Paul Krugman: Why GOP Establishment Darling Marco Rubio Is Actually a Fringe Crackpot

Rubio is pandering to an ignorant elite.

Photo Credit: via YouTube/Bill Moyers

Not even Paul Krugman can resist making a crack about Donald Trump's hair in Monday's column, which opens with a clever little piece of indirection:

The thing is, one of the two men who may still have a good chance of becoming the Republican nominee is a scary character. His notions on foreign policy seem to boil down to the belief that America can bully everyone into doing its bidding, and that engaging in diplomacy is a sign of weakness. His ideas on domestic policy are deeply ignorant and irresponsible, and would be disastrous if put into effect.

The other man, of course, has very peculiar hair.

But the real topic at hand for Krugman is the fact that the clear Republican establishment choice, Marco Rubio, is just as much of a crank as Cruz and Trump, and not just for his dangerous ideas on foreign policy and civil liberties, but in the area Krugman knows best, economics.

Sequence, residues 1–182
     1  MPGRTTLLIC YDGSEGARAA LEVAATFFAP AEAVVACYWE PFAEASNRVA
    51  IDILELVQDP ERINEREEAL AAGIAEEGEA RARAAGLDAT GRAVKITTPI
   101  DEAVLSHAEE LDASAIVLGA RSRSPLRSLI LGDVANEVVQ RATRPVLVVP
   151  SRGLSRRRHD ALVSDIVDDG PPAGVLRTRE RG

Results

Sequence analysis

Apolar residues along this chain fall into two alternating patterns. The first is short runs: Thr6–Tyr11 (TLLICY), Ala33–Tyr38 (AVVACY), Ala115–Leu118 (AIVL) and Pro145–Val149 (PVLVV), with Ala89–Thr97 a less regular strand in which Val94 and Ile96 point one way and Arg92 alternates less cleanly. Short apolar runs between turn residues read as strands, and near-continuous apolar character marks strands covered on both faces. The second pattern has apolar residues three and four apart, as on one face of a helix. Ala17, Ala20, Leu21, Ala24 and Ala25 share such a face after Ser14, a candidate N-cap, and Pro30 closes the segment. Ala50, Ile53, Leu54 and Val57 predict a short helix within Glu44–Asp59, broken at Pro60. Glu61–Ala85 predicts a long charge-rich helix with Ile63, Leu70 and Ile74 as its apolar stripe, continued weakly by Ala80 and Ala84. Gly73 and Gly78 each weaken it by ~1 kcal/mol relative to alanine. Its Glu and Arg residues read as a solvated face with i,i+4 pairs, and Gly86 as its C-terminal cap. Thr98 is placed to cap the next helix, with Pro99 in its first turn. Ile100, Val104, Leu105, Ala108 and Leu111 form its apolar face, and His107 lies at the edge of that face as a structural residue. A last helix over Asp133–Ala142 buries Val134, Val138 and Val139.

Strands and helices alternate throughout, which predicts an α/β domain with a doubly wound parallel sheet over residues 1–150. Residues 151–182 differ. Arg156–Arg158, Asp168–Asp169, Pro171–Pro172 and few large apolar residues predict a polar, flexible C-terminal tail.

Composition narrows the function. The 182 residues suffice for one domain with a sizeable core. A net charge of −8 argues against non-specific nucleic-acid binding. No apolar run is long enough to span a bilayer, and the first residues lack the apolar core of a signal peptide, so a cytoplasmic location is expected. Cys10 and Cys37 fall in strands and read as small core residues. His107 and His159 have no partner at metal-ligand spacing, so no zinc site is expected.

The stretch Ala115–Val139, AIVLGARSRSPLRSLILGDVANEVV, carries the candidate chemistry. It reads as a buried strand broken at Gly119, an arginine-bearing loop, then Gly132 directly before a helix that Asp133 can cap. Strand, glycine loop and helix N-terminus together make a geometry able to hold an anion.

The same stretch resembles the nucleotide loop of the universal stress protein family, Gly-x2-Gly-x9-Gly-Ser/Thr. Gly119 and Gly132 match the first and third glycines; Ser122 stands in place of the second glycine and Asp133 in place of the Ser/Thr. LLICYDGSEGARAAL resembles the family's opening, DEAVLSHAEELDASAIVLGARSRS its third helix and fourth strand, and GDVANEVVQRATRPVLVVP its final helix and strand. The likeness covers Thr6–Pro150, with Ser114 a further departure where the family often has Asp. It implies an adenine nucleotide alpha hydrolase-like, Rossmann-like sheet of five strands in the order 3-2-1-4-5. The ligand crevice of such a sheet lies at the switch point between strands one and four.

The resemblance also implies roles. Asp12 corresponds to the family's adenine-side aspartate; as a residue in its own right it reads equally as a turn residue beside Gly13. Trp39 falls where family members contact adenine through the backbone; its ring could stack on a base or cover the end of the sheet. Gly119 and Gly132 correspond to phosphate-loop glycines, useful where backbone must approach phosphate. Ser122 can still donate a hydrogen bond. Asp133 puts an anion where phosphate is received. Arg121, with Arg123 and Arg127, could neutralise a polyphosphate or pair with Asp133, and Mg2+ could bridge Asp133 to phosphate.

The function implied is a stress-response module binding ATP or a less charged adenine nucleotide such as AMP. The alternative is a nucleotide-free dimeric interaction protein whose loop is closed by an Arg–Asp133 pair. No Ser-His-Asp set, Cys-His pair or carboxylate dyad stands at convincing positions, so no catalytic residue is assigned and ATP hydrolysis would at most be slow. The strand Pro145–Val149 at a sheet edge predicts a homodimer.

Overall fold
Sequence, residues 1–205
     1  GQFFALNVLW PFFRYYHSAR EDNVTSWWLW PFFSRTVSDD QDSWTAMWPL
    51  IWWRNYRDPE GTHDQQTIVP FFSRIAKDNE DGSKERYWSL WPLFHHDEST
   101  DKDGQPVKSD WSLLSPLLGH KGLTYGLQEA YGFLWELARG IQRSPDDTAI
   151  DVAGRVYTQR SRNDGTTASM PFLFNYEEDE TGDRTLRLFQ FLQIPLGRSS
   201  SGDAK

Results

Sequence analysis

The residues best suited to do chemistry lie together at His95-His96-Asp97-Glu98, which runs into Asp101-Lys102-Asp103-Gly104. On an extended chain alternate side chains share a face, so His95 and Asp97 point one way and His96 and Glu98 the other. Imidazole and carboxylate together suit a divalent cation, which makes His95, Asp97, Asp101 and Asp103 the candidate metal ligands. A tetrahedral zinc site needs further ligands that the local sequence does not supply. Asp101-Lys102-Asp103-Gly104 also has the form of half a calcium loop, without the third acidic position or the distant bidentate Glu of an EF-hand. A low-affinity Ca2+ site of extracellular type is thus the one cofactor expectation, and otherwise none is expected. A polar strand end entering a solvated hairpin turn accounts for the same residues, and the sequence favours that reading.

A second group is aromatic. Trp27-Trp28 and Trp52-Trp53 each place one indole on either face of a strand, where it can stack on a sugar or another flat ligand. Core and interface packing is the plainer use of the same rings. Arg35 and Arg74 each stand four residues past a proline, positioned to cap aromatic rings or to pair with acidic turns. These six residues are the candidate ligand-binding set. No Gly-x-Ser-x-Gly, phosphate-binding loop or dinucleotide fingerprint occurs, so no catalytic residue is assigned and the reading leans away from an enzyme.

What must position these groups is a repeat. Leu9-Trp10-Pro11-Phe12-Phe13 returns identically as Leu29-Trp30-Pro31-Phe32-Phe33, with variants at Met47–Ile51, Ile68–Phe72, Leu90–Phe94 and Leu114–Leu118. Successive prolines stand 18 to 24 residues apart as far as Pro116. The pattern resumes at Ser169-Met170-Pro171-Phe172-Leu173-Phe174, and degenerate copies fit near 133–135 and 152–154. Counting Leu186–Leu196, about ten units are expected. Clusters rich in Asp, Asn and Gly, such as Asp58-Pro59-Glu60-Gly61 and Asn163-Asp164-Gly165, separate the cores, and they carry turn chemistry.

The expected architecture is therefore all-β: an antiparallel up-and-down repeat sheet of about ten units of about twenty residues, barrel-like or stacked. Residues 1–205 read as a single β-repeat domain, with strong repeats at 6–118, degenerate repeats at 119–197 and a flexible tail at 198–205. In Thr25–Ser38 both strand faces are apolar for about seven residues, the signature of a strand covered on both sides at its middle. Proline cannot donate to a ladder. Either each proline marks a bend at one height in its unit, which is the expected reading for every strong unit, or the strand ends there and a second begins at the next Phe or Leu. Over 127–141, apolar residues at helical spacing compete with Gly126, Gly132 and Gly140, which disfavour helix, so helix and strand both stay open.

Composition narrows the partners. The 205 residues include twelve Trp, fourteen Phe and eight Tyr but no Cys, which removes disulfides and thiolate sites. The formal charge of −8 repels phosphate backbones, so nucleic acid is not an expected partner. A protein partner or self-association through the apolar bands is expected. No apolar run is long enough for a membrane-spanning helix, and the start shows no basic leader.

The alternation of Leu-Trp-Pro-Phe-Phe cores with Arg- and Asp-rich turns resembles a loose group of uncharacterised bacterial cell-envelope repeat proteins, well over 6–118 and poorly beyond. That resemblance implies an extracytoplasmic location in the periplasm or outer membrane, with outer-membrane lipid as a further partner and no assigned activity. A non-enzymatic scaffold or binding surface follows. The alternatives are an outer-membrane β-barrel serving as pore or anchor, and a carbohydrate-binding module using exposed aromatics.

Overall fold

You probably know that Mr. Rubio is proposing big tax cuts, and may know that among other things he proposes completely eliminating taxes on investment income — which would mean, for example, that Mitt Romney would end up owing precisely zero in federal taxes.

What you may not know is that Mr. Rubio’s tax cuts would be almost twice as big as George W. Bush’s as a percentage of gross domestic product — despite the fact that federal debt is much higher than it was 15 years ago, and Republicans have spent the Obama years warning incessantly that budget deficits will destroy America, any day now.

But not to worry: Mr. Rubio insists that his tax cuts would pay for themselves, by unleashing incredible economic growth. Never mind the complete absence of any evidence for this claim — in fact, the last two Democratic presidents, both of whom raised taxes on the rich, both presided over better private-sector job growth than Mr. Bush did (and that’s even if you leave out the catastrophe of Mr. Bush’s last year in office).

Rubio is also completely and stubbornly wrong about calling for a balanced-budget amendment, and on the topic of monetary policy. All in all, Rubio is peddling "crank economics," Krugman assesses. And these are the economics of today's Republican establishment, which continues to pander to the big donors, and supply-side numbskulls that make up the party's elite. "Mr. Rubio’s consolidation of establishment support isn’t a testament to his good sense," Krugman concludes. "In fact, it’s almost the opposite, a reward for his willingness to echo party orthodoxy even, or perhaps especially, when it’s nonsense."

Republican primary voters merely get to choose from variations of crankery.


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